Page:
There are plenty of good reasons to be skeptical of Dreddy Kruger Presents… Think Differently Music: Wu-Tang Meets The Indie Culture (BabyGrande) beyond its cumbersome title. There's the absence of marquee Wu-Tang names like Ghostface and Method Man, the presence of second- and third-tier Wu-Tang affiliates, and the compilation's often-tenuous connection to both its title concept and the Wu-Tang Clan. And yet the disc itself is often pretty terrific thanks to the stellar contributions of indie heavyweights like Casual, J-Live, Vast Aire, Ras Kass, and MF Doom. Main producer Bronze Nazareth engagingly resurrects the sound of vintage RZA, and a turntablist tribute to Ol' Dirty Bastard winningly mixes surprising reverence with giddy irreverence…

Big Boi Presents… Purple Ribbon Entertainment: Got Purp? Vol. II (Purple Ribbon/Virgin), the similarly solid new compilation from Big Boi's vanity label, boasts something for everyone: silky smooth soul songs about romance (for the ladies) and concrete-tough rap songs about weed, women, and aggression (for the fellas). Somewhat surprisingly, the poppier tracks outshine the grittier contributions. Scar's "What Is This?" wonderfully captures the feathery delicacy of young love with a velvet-lined guest verse from Cee-Lo, while Janelle Monae's "Lettin' Go" subversively celebrates getting canned as a thrilling form of personal liberation…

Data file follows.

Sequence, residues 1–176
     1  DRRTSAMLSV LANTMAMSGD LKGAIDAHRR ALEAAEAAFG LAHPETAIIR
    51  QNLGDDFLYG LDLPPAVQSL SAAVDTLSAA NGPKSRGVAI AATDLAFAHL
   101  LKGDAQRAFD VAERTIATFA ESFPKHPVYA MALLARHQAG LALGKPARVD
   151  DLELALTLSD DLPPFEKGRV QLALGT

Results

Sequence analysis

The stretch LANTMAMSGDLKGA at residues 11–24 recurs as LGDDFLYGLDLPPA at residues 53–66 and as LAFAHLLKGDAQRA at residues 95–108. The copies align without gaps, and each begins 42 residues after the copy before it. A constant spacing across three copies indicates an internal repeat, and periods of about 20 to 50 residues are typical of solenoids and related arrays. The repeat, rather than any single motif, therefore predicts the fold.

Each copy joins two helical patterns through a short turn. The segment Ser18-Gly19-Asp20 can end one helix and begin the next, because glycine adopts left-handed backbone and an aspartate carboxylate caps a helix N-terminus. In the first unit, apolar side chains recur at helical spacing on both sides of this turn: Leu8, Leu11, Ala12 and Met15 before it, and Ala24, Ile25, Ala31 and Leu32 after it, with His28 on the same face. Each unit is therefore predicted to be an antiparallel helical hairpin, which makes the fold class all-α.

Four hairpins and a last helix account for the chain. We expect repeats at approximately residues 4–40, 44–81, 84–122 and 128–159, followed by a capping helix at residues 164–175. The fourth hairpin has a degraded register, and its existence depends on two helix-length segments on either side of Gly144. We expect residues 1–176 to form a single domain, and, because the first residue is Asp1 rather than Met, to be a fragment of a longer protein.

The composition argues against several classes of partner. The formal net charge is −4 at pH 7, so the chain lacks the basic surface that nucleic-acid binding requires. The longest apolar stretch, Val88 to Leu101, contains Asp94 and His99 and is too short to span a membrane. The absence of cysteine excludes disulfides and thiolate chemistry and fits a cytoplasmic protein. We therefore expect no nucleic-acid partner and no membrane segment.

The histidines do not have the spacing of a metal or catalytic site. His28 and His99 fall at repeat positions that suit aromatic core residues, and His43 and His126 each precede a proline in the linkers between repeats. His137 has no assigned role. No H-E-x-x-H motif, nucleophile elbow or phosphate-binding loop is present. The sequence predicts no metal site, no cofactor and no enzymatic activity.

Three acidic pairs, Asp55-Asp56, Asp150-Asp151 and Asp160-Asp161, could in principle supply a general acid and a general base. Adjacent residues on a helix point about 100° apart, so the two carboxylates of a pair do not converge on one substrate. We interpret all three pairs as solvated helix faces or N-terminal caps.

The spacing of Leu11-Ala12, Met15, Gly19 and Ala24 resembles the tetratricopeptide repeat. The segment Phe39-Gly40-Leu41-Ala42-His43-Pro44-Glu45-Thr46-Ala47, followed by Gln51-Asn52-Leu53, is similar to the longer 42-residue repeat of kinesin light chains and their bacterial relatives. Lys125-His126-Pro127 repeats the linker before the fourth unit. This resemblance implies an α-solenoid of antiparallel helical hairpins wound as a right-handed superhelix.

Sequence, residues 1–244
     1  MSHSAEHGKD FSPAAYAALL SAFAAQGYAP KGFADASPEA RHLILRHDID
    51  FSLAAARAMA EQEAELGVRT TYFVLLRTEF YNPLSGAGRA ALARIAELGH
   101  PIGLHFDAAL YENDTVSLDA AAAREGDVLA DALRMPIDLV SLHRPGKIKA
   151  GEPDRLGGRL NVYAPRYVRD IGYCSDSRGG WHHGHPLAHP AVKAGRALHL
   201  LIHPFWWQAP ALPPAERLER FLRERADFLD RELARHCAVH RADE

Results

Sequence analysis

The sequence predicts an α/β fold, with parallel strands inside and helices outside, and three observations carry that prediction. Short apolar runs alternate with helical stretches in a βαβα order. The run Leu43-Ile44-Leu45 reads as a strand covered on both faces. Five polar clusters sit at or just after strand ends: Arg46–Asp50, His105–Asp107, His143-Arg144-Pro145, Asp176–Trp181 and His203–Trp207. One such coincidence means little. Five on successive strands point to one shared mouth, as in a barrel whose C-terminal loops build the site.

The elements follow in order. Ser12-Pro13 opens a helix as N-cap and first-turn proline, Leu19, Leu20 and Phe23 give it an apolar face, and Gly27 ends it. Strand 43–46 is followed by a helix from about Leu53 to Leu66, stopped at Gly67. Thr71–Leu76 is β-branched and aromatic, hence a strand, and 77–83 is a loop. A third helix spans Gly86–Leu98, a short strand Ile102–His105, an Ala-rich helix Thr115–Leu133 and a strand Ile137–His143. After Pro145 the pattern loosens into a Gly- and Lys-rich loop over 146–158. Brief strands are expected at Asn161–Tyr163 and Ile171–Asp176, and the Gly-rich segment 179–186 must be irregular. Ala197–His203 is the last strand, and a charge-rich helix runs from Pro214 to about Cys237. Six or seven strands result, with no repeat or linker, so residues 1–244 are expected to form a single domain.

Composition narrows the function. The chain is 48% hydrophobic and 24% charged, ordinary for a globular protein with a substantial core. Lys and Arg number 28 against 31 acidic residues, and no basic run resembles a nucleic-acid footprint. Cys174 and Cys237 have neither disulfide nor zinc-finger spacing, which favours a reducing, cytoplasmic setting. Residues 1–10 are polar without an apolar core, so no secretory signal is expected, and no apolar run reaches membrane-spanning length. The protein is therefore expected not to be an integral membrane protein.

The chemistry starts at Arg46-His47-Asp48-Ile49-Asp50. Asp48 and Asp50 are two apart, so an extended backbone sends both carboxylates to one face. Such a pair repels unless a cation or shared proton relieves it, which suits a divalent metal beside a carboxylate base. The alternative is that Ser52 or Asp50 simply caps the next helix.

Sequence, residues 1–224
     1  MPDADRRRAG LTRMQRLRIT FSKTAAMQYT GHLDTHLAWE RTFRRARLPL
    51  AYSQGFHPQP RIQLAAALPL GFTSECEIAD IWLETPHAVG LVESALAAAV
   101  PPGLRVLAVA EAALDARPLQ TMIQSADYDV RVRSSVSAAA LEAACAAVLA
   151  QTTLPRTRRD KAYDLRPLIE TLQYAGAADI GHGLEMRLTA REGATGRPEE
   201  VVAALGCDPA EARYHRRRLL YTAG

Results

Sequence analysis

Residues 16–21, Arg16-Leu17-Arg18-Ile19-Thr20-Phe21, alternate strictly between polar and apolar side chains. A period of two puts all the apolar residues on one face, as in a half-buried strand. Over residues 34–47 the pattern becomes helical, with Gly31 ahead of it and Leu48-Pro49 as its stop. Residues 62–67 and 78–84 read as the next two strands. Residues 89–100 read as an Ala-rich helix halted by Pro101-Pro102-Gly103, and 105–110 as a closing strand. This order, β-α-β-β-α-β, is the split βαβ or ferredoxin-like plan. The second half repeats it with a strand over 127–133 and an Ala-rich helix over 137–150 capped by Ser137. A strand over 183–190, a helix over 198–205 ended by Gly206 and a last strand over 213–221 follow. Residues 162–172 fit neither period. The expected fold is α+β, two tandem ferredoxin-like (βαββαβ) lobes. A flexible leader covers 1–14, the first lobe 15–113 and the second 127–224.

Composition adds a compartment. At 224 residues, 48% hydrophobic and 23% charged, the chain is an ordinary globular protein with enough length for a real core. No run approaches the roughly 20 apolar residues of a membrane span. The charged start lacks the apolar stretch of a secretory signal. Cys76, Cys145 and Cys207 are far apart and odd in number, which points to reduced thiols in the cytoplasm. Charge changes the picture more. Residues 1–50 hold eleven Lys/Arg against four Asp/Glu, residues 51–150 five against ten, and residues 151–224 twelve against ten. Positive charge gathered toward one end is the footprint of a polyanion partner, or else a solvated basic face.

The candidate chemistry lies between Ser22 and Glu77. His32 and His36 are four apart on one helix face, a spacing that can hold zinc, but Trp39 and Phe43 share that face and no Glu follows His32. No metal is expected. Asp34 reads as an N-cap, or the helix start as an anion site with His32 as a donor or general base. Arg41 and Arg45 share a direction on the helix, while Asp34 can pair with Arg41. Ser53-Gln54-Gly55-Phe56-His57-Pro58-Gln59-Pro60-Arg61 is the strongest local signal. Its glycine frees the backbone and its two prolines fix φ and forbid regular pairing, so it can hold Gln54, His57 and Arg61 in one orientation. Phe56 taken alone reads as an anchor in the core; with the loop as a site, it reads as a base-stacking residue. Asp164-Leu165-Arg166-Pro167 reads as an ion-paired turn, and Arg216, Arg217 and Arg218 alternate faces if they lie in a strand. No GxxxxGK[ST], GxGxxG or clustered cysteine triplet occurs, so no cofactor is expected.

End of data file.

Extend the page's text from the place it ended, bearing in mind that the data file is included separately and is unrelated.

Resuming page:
50 Cent's wooden performance in Get Rich Or Die Tryin' shouldn't come as a surprise to anyone who bothered to check out the music videos on The Massacre: Special Edition (Aftermath/ Shady). For a rapper who oozes charisma on wax, he's pretty jarringly uncharismatic on the second disc, which features depressingly rote videos for every song on the album. Gratuitous nudity and terrible animation at least provide a change of pace, but seldom has the "special" designation seemed less warranted…

Advertisement

From the "Meet the new boss, same as the old boss" department comes XXL Raps: Volume 1 (Razor & Tie), a new comp from an up-and-comer that has usurped The Source's sinking ship to become rap's biggest and most important magazine. With XXL Raps, the magazine tries to horn in on some of The Source's Hip-Hop Hits series filthy lucre with 18 tracks from rap's biggest names, including six songs from the Shady/Aftermath/G-Unit camp alone (and that's not even including new recruits M.O.P.). Those looking for a portrait of today's mainstream rap could certainly do worse, but if this impersonal, mercenary comp provides an accurate reflection of XXL's mindset, then it bodes ill for hip-hop as a whole.